AstroShorts are short (several hundred words) stories highlighting current fascinating research in computational astronomy being done by astrophysicists and computational scientists at the nine University of California campuses and three affiliated U.S. Department of Energy laboratories (Lawrence Berkeley National Laboratory, Lawrence Livermore National Laboratory, and Los Alamos National Laboratory)—all consortium members of the University of California High-Performance AstroComputing Center.
AstroShorts are a public service, freely available to astronomical societies, newspapers, science clubs, or other groups wishing to print them and their associated images in a newsletter or publication. All we ask is that credit be given where it is due: Please retain the byline of the writer, and please either use the UC-HiPACC logo or otherwise credit UC-HiPACC as the source, including the UC-HiPACC URL and (if space allows) the explanatory fine print at the end.Wild Weather on WASP-43b Mercury: Snow Globe Dynamo? Without a Trace—Almost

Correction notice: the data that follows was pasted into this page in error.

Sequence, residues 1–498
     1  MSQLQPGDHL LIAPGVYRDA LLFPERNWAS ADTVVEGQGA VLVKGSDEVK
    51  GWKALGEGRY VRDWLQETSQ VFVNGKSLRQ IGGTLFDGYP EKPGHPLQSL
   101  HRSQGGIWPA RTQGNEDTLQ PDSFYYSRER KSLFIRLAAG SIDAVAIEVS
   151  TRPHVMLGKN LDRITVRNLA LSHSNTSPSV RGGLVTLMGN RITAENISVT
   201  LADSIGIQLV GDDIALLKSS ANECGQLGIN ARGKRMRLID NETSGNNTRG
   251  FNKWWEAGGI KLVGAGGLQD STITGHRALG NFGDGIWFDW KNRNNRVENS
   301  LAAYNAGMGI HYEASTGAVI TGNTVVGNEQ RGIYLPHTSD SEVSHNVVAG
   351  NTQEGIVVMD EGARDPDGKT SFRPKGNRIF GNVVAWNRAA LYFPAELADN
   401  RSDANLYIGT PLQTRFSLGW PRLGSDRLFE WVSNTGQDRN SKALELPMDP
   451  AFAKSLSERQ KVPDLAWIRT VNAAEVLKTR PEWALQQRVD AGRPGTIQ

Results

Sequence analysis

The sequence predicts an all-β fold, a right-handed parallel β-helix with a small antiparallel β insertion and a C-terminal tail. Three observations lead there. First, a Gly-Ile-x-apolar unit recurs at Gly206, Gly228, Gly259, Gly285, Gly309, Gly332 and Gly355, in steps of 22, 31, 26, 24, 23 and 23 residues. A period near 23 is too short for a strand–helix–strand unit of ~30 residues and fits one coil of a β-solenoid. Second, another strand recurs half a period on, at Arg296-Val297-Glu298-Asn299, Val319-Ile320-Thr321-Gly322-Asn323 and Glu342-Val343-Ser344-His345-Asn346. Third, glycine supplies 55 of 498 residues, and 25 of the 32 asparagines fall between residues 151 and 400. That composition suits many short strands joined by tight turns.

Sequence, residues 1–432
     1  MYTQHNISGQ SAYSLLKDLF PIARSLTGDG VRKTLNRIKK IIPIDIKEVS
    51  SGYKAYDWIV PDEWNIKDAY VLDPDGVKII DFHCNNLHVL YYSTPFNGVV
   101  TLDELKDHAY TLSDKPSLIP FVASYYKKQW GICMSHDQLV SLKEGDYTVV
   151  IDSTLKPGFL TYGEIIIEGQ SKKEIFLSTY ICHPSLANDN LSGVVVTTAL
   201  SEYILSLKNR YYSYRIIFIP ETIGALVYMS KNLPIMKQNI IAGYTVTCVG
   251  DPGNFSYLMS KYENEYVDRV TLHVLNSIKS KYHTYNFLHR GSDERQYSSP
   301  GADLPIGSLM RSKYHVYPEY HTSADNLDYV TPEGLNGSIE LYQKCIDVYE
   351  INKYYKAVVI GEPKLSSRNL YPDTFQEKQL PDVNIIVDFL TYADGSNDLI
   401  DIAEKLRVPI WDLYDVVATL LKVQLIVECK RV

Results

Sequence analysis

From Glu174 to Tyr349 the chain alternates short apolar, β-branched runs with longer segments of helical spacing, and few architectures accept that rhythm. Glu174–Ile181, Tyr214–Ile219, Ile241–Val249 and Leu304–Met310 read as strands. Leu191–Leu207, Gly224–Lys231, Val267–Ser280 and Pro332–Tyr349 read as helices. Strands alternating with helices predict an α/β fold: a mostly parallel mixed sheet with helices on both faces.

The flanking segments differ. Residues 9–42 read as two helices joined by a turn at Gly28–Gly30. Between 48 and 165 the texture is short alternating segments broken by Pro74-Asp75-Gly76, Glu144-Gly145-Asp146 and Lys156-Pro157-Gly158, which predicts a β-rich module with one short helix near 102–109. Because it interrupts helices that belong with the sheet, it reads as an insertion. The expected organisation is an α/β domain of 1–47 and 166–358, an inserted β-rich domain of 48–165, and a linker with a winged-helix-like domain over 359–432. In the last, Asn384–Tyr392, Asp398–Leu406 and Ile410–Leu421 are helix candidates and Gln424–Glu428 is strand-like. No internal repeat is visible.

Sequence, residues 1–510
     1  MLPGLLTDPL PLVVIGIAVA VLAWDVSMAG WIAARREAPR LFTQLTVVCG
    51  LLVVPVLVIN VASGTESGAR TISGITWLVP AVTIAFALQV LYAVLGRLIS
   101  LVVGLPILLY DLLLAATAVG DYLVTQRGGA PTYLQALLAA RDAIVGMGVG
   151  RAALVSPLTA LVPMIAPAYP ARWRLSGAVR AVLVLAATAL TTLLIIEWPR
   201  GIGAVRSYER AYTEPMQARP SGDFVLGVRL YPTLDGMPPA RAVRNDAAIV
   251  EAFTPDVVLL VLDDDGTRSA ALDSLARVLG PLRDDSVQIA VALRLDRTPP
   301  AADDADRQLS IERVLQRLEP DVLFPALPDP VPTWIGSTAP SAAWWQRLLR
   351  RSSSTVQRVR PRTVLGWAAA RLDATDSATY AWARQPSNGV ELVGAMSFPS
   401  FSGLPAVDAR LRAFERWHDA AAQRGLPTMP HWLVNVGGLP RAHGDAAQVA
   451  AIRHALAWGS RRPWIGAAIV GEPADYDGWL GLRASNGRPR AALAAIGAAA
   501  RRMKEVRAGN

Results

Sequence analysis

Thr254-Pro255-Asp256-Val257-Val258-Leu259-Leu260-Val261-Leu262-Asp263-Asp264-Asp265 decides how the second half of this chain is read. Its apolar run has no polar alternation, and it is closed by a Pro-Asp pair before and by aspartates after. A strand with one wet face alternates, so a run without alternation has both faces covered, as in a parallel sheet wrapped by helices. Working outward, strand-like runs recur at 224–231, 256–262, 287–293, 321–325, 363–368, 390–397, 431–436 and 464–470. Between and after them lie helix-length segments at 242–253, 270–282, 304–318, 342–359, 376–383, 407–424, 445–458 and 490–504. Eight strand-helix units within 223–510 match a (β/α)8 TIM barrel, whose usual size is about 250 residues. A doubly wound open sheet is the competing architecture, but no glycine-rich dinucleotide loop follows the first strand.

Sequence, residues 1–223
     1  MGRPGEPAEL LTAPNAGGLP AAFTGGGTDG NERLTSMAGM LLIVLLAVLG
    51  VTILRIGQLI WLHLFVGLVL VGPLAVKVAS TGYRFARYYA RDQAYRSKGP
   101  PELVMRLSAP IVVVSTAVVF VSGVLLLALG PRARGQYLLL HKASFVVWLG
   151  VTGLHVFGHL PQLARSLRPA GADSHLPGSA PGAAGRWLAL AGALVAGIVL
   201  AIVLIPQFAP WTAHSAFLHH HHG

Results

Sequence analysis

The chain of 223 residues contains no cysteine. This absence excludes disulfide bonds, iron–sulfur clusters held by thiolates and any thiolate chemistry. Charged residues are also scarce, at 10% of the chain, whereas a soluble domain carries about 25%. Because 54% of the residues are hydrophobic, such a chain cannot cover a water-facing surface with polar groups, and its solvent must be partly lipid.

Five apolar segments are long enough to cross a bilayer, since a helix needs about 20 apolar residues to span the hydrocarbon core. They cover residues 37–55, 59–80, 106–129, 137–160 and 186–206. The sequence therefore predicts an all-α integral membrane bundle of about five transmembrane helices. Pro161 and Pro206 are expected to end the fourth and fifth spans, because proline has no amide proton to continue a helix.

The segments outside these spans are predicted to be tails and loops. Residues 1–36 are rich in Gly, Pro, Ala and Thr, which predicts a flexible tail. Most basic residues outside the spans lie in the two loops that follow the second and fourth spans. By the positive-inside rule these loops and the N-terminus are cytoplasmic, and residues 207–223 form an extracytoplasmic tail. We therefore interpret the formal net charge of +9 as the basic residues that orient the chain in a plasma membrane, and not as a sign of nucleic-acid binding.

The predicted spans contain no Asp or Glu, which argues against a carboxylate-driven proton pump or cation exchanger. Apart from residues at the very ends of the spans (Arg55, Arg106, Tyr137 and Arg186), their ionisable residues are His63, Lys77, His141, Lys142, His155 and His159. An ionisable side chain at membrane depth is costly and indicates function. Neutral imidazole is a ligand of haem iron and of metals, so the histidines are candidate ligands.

Any stars born of the same giant molecular cloud always show the same “DNA fingerprint” of chemical abundances of trace elements. But most groups of stars drift apart, eventually even ending up on opposite sides of a galaxy—as likely happened with our Sun. Thus, astronomers have long wondered whether it might be possible to tell if two stars now on opposite sides of the galaxy were born billions of years ago from the same cloud. New simulations explain why, and offer hope: might it be possible to find our own Sun’s long-lost siblings? Read the AstroShort Separated at Birth: Finding our Sun’s Long-Lost Siblings?
Whodunit? A brilliant flash of ultraviolet light from a supernova in a distant galaxy in the constellation Boötes solved an enduring mystery about the origins of massive exploding stars called Type IIb core-collapse supernovae. “This is the smoking gun!” exulted Peter Nugent, head of the Computational Cosmology Center at Lawrence Berkeley National Laboratory. Read the AstroShort ‘Smoking Gun’ for Stellar Explosion Mystery